Daring Dictionary Discipline Debut

Today’s writing prompt was found on Pinterest.  It calls for me to pick a random word out of the dictionary and write a story that starts with that word.  It took a lot of discipline to pick the FIRST word.

(Honestly, I didn’t. I knew better. I’d end up picking the best word on the page. So I asked my kids to pick it for me. I have no idea if they cheated or not. Come to think of it, there was a ton of giggling involved. Hmmm…)

The idea is from Sarah Selecky as part of her daily writing prompts email subscription. (At least, that’s what the URL leads to. Since the pin is clearly from that site, it seems like a good guess. I’m not familiar with her blog or email subscription, but it looks pretty cool.)

All week, I’m writing to prompts I found on Pinterest. Most of them are from prompts designed for school-age kids. This one isn’t, but it could be.  If I were in 4th grade I could have fun with this one.

Ready to find out the word my story starts with?



Discipline isn’t a word I normally apply to myself. If I were making a list of my top 100 strengths, I’m not sure that self-discipline would even make the cut.  Neither would self-control.

And yet… I suspect I’m too hard on myself.  Increasingly, I wonder if I’m not giving myself enough credit.

It all started on an ice day, one of the ones with lots of hype and very little ice.  The kids were home from school and the somewhat limited childcare hours at my gym made it impossible for me to work out at the gym.  Walking outside in the cold and slick wasn’t an option.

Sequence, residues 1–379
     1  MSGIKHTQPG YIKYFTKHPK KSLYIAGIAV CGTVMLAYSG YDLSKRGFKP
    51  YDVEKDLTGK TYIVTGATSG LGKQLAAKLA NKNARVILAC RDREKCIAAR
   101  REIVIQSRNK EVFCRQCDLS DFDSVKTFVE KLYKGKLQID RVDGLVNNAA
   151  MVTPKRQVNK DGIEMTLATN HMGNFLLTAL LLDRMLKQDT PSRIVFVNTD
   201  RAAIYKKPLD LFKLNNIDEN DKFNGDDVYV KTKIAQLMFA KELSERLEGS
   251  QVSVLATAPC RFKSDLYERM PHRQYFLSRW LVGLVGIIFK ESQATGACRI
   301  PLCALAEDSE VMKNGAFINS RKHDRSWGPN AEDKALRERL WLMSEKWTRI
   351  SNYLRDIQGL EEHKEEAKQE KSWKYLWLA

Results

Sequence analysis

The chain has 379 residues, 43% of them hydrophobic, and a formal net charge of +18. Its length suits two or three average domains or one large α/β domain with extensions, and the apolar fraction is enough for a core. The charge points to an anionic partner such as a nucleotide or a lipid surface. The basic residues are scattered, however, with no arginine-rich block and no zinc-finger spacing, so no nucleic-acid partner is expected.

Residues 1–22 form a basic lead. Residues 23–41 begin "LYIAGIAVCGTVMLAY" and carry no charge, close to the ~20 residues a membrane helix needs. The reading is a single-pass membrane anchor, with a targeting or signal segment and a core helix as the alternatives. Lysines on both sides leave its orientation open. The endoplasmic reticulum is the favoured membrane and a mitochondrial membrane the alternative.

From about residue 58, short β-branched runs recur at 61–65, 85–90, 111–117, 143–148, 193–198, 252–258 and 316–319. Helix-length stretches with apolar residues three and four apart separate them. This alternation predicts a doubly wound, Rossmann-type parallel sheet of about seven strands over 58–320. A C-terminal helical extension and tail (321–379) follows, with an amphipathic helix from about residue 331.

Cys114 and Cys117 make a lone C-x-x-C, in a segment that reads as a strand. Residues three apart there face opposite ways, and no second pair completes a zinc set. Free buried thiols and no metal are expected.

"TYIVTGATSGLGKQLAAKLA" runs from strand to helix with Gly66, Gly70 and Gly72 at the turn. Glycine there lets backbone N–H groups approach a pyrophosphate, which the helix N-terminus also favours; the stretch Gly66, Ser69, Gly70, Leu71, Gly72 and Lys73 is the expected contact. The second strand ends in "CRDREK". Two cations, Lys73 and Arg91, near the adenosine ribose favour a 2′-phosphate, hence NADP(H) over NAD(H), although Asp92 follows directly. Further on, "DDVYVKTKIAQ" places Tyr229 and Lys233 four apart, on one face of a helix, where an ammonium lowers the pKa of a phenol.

But I had promised myself to stick to my work out schedule – no matter what.  In the quest to rehab my knee and regain my the strength and stamina, I’ve had to adopt a “no excuses” policy for working out.  It would have been easy to find reasons to just curl up in a warm chair for the day, but somehow I found the discipline to get up and move.

discipline defined

I walked.

I walked around the kitchen island about 1,000 times. I walked around and around and around for a solid thirty minutes. My pedometer told me I’d walked well over a mile without ever leaving my kitchen.

Each lap around my kitchen, I passed the same little bowl. I had left it out for my chocolate-crazed son in a vain attempt to avoid baking. It hadn’t worked. He was holding out for hot chocolate chip cookies and I didn’t blame him.

Every time I passed that little bowl, I saw the chocolate chips. I wanted them. I could practically taste the chocolate when I looked at them.  I even looked up how many calories there are in chocolate chips.  (There are 60 calories in 25 chocolate chips.)

It became a game. I wondered how many times I could pass those chips without eating one.

(That’s about like asking how many licks it takes to get to the center of a tootsie pop.  You know the outcome.)

After about ten laps, I caved. I popped a chocolate chip in my mouth and let it melt as I kept walking.  It was worth it.